One Question With So Many Answers

It’s funny because last week I was having a conversation with Stephanie and she asked me where I was from. This question has always confused me because I never know what people want to know when they ask that.

Do they mean where was I born? Where I grew up? Where I live? None of those questions have the same answer for me.Β I grew up in a military family so we moved around growing up. I won’t say we moved a lot because there were families that moved every year or two. We moved on average every 4 years,Β so that’s a lot if you never moved growing up but seems like nothing if you switched schools every grade.

So I’ll share the answer to all of the versions of “where are you from?” that I can think of. I was born on an air base in Spain. I don’t consider myself “from” anywhere. I’ve lived in Spain, Germany, South Dakota, Arizona, and Kentucky. I currently live in the Canary Islands (if you’ve never heard of them, check out my local travel posts or Google for pictures of some gorgeous islands you don’t hear much about globally).Β So there you have it, an ordinary question that I figured I could use as a blog prompt and share a little about myself.

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17 thoughts on “One Question With So Many Answers

  1. This is the Age of Terrorism so I think asking people where they come from is a bit dodgy.
    Asking where someone comes from is like saying “How are you” instead of “Pleased to meet you”.
    Is anyone really happy if you say you are an inmate at Guantanamo Bay and you escaped last night???
    If you say the suburb where you currently live, or something similar, the person will feel close to you. Surely that is the kind thing to do. At least one of you can demonstrate kindness and it won’t be a lie.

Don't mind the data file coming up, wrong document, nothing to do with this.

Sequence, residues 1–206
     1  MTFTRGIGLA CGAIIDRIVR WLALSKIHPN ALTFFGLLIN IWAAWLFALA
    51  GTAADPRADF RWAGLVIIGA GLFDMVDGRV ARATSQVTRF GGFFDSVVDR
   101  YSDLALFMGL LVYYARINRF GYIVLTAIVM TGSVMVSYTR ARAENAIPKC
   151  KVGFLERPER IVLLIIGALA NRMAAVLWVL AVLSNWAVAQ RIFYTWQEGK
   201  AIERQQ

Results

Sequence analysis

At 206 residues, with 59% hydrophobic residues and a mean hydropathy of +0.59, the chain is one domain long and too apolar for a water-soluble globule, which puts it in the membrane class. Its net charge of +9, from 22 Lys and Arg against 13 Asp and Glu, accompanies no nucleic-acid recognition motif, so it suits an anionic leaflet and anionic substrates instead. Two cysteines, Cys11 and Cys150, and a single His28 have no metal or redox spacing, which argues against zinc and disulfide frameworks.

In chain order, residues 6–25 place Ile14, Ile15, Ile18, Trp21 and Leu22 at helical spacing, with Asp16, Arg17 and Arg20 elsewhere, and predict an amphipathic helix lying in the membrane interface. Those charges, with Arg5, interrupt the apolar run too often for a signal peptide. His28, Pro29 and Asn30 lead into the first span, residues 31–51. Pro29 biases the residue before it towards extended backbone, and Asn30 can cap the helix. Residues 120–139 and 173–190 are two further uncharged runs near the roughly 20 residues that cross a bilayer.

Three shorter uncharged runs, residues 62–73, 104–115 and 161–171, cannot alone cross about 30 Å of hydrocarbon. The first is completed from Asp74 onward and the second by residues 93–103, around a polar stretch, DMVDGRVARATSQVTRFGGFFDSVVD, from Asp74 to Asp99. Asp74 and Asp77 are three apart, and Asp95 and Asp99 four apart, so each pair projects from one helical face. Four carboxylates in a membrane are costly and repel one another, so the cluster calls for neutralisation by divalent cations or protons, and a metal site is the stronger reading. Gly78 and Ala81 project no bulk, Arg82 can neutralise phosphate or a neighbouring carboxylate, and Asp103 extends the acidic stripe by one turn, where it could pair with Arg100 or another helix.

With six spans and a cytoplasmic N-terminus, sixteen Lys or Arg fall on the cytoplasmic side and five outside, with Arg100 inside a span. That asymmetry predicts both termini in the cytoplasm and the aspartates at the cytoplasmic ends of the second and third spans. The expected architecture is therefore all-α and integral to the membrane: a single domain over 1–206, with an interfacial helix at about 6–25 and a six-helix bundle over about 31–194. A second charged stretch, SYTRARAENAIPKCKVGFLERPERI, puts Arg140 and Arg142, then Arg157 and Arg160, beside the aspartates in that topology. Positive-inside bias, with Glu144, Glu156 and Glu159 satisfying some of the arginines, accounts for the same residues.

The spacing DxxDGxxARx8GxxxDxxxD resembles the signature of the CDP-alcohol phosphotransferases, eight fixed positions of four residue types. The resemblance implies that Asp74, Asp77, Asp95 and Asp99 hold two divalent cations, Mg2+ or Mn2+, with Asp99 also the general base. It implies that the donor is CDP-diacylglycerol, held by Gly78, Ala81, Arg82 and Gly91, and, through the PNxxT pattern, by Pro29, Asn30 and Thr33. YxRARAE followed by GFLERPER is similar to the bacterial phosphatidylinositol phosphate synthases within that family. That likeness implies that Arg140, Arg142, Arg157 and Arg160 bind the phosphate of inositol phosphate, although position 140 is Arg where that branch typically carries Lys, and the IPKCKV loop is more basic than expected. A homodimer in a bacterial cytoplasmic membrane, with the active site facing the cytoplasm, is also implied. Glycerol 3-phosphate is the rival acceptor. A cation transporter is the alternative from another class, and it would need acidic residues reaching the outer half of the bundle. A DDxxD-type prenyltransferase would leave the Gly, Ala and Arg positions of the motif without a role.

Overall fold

Liked by 1 person

    1. Haha in this case it was because I always reference being on London time een though I don’t live in London or England for that matter but that’s the time zone I’m in.

      In the states your accent usually gives you away at least within the right region, the particular state can be tricky depending… Overseas it’s kind of fun to see where everyone is from and that there are so many people from so many different countries. You can walk by people from 50 different countries on a given day where I live πŸ™‚

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  2. My family is from Ireland but my parents moved to the States. I’m American but still consider myself very Irish. That’s what i identify with, but if someone asked where I’m from I’d say Illinois. My parents are from Ireand which people asked all the time because of their accents.

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    1. Hahahaha I can imagine πŸ™‚ It’s a rough job but someone’s gotta do it! πŸ˜‰ There’s something magical about this little place. The more I explore the more I love it πŸ™‚

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  3. I definitely hear this. I was born in Mass….and then moved to VT halfway through 4th grade. Moved to NH for 7th thru 12th. Moved to FL for almost a year when I was 19, back to NH, headed to Maine when I was 23 for four years, and now I am in NC πŸ™‚ little bit of everything πŸ˜‰

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    1. On the flip side at least you can relate to a lot of people because of course people always feel connected to someone that’s been or lived where they’re from πŸ™‚

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  4. I struggle with this question as well! I grew up as an Army brat and had my fair share of moving. Not quite as much as my sisters and my brother, but more than most people. Most of the time I claim Vermont since it is my favorite place I have lived, but I still hesitate to answer the question! πŸ™‚

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